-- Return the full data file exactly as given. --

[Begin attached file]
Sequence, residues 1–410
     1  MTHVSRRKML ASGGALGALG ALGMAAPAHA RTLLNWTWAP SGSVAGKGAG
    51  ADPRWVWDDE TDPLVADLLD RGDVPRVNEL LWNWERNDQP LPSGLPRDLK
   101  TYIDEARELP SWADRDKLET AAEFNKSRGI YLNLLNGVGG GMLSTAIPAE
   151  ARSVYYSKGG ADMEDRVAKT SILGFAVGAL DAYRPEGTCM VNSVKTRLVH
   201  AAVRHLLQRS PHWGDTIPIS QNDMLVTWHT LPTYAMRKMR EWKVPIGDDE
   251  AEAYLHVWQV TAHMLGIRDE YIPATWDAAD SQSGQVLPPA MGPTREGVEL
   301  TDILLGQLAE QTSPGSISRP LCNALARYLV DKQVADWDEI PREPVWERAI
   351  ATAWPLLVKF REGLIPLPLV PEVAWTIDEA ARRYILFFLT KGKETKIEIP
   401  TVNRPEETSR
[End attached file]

Sequence, residues 1–410
     1  MTHVSRRKML ASGGALGALG ALGMAAPAHA RTLLNWTWAP SGSVAGKGAG
    51  ADPRWVWDDE TDPLVADLLD RGDVPRVNEL LWNWERNDQP LPSGLPRDLK
   101  TYIDEARELP SWADRDKLET AAEFNKSRGI YLNLLNGVGG GMLSTAIPAE
   151  ARSVYYSKGG ADMEDRVAKT SILGFAVGAL DAYRPEGTCM VNSVKTRLVH
   201  AAVRHLLQRS PHWGDTIPIS QNDMLVTWHT LPTYAMRKMR EWKVPIGDDE
   251  AEAYLHVWQV TAHMLGIRDE YIPATWDAAD SQSGQVLPPA MGPTREGVEL
   301  TDILLGQLAE QTSPGSISRP LCNALARYLV DKQVADWDEI PREPVWERAI
   351  ATAWPLLVKF REGLIPLPLV PEVAWTIDEA ARRYILFFLT KGKETKIEIP
   401  TVNRPEETSR